Q. That won't take place until after you finish your jail time. Do you understand?

A. Yes.

Subsequent to the plea hearing, defendant was sentenced in accordance with the plea agreement to a three-year term of imprisonment and a fifteen-month period of parole ineligibility.

At the time of his parole eligibility, in May 2009, defendant's custody was transferred to the Immigration Customs and Enforcement Agency (ICE) of the United States Department of Homeland Security, where he was served with various notices indicating that his conviction was an "aggravated felony" and a violation of the Immigration and Nationality Act (INA), 8 U.S.C.A. § 1101(a)(43); 8 U.S.C.A. § 1227(a)(2)(A)(3). He was ordered deported and an appeal of that decision was filed with the Board of Immigration Appeals.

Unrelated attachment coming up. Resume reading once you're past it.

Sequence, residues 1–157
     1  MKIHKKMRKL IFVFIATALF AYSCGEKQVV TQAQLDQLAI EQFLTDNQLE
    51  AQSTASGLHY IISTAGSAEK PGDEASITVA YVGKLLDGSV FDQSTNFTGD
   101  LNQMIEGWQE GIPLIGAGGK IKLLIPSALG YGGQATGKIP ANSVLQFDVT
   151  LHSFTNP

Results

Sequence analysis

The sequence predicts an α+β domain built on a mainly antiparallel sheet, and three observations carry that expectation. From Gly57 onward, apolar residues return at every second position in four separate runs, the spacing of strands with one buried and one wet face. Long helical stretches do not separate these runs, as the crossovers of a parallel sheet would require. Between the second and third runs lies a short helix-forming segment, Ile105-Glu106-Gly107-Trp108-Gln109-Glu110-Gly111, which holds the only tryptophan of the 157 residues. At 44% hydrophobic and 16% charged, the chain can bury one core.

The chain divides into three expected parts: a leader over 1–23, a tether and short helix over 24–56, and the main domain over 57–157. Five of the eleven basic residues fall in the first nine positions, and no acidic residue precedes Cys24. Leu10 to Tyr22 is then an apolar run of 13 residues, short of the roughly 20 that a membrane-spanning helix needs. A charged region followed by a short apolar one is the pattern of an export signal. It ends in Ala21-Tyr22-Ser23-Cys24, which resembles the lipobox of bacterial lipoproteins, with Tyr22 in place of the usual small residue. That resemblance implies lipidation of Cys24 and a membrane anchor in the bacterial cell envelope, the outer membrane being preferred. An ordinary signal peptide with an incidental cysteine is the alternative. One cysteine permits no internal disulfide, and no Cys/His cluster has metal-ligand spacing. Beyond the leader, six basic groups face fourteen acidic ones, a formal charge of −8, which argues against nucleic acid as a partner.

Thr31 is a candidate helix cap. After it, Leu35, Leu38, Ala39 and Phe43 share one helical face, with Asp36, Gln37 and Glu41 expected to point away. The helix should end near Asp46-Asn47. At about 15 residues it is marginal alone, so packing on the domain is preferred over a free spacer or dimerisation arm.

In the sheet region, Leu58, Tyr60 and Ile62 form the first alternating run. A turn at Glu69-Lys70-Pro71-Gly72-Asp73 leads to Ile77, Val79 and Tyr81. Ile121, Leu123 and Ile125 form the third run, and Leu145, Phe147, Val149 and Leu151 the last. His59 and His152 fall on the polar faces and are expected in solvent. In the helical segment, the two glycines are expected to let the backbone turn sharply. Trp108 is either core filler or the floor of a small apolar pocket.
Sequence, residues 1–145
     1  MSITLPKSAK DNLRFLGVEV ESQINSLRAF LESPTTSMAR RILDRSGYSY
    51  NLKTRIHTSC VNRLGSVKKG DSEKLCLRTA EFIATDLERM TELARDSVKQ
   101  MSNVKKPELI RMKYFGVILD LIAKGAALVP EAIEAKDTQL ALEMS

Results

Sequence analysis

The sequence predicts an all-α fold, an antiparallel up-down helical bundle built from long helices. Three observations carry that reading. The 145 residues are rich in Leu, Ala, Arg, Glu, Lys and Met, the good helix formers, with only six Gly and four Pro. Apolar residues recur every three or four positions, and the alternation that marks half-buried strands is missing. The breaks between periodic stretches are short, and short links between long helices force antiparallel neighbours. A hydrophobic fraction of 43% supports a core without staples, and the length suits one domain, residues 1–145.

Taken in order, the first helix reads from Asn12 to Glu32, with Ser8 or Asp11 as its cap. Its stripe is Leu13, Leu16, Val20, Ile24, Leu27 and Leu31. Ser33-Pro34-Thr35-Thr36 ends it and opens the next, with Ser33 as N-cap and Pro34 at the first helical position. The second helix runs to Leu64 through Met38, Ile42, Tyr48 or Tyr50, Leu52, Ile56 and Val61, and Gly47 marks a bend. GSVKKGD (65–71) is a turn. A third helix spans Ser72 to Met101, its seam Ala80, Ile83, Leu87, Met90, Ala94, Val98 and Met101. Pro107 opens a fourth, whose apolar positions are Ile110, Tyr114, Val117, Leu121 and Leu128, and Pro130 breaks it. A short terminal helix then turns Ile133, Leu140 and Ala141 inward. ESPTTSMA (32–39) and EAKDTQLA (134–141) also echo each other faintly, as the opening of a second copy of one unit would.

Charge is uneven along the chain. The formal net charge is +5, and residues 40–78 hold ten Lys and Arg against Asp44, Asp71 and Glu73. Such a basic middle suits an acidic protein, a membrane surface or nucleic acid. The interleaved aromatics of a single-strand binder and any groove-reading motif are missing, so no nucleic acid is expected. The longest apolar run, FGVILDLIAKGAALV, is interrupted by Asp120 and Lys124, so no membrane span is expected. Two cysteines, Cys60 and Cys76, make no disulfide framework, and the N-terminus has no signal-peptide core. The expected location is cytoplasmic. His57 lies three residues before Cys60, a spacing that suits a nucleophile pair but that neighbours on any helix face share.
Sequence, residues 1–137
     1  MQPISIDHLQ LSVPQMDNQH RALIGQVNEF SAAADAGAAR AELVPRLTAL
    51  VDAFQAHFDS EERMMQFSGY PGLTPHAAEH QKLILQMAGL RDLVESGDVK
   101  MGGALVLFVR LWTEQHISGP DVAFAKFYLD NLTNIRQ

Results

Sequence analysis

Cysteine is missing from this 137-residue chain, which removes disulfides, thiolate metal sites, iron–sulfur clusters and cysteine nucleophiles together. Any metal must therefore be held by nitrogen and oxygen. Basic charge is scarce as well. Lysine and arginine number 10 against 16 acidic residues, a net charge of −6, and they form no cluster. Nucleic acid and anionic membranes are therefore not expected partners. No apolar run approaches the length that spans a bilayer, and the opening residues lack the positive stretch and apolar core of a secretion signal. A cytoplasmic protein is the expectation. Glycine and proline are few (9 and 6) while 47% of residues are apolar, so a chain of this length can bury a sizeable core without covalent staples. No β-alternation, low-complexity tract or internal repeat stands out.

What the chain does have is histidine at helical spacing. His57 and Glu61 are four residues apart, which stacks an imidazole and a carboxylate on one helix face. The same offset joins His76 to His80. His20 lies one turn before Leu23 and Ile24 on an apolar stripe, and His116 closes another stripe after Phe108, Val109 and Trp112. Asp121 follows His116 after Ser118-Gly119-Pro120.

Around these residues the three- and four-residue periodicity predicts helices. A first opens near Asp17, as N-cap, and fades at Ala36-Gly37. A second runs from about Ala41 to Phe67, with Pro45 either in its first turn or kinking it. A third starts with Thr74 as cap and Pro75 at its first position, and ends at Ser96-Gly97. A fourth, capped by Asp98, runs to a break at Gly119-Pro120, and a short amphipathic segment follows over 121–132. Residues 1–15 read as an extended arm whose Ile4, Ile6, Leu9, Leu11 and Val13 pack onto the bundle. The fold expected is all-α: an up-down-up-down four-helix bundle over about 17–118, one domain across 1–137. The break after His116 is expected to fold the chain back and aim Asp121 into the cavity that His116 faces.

Defendant filed his PCR asserting that counsel was ineffective for failure to advise him of the consequences of his plea. The PCR judge ordered a plenary hearing, and at the hearing, defendant expanded on his conversations with his trial counsel. He related the following:

Q. When you had that first attorney for this drug charge, the Public Defender, the name you don't know, did you ever speak about immigration consequences of the charges you were faced with?

A. No.

Q. Okay. Mr. Kaplan -- at any time prior to entering your plea, did you ever speak to Mr. Kaplan about what immigration consequences would happen if you pled guilty to any one of the charges on your indictment?